and rising cost of college didn’t seem to matter too much for the “most
- Some of the most selective colleges in the U.S. top $70K/year + tuition with relatively generous needs-based aid available to those who wouldn’t normally be able to afford such education. Thanks to the billions (yes, BILLIONS with a B) of endowment these colleges have at their disposals, I wouldn’t expect anything less and applaud them for that.
- However, these highly ranked and prestigious colleges often did nothing to control the cost of tuition in their respective institutions. And God forbid, if you are middle class or lower middle class who don’t quite make the cutoff to qualify for needs-based aid, you’re stuck with the nearly $300K receipt at the end of your four years at this institution. Merit-based opportunity is close to none for an institution that’s highly selective. But wait? You should be lucky enough to have been admitted to a highly selective institution, and you’re “guaranteed” a lucrative career thanks to that institution’s name; you’d pay off that $300K loan in no time. This was the mentality.
Post-COVID19 World of College Admissions Expected: The Age of Hope
Some things will change by default (for the better) while some things will change only if parents and students make a collective effort. Here is the breakdown:
of college will drive college choice decisions more so than ever.
- With millions of people unemployed, reduced hours, pay cuts, shrinking retirement and also college funds, families will be forced to calculate the Return on Investment (ROI) of a college more than ever. Even those who wouldn’t normally look at this number more than the “selectivity” of the college before, they will be more inclined to do so due to the times. Cost will become the #1 factor of deciding which college to attend.
- This in turn will force higher education institutions (highly selective or not) to be even more creative with their needs-based and merit-based offerings and/or look into cutting down cost.
- If they don’t or they’re too slow to implement these changes, then we will see sky-rocketing numbers of applicants into in-state 4-year public institutions, trade schools, and community colleges. Some will altogether skip college and go into workforce. In turn, even the most selective colleges’ admissions selectivity might take a hit.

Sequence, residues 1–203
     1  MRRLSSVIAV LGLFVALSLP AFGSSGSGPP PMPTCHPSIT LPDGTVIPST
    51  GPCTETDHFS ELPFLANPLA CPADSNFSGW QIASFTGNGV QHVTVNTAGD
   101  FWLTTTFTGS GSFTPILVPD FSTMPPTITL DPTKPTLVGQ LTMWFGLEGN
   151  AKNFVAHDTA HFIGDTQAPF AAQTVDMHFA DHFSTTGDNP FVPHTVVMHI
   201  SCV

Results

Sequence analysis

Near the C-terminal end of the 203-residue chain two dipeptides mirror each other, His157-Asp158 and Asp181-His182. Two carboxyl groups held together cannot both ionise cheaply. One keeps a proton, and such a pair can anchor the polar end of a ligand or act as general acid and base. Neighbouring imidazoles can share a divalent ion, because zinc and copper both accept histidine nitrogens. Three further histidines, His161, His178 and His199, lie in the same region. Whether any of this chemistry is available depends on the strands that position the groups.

language will move from “selective” and “prestigious” to “ROI” and
- Due to the affordability factor, even the most selective colleges will need to shift marketing communications and strategies to put “ROI” and “career readiness” in the forefront of their recruitment. Name and prestige will carry them only so far post-COVID19 times.
- However, these need to be backed with practical and even shorter-term workforce ready programs. We will need to see more 3+2 undergraduate and graduate school type programs to support these efforts.
the 3,800+ colleges who wanted to “break in” the top 200? This is their
opportunity to shine.
- In fact, most of those 3,800+ colleges have been practicing the two factors above for years, even since inception of their respective programs. They will need to continue their hard work, backed by actual student and alum success data so that the public will be more aware.
- In return, however, these programs will become more competitive, by default (not because they play a certain game).
By collective effort:
The only factor that might not change post-COVID19 in the college admissions game unless there is more of a concerted effort from families is the weight that’s put on college rankings rather than the fit.
While the changes that are expected to occur above might shift the focus of rankings from being “prestigious” and “selective” to more “career readiness” and/or “higher ROI,” the habit (or reflex, by now) of checking college rankings will continue — unless families become more intentional with their college choice, i.e. fit, moving forward.
After all, that’s for the better: fewer heartbreaks, false hopes, misguided facts, and broken budgets.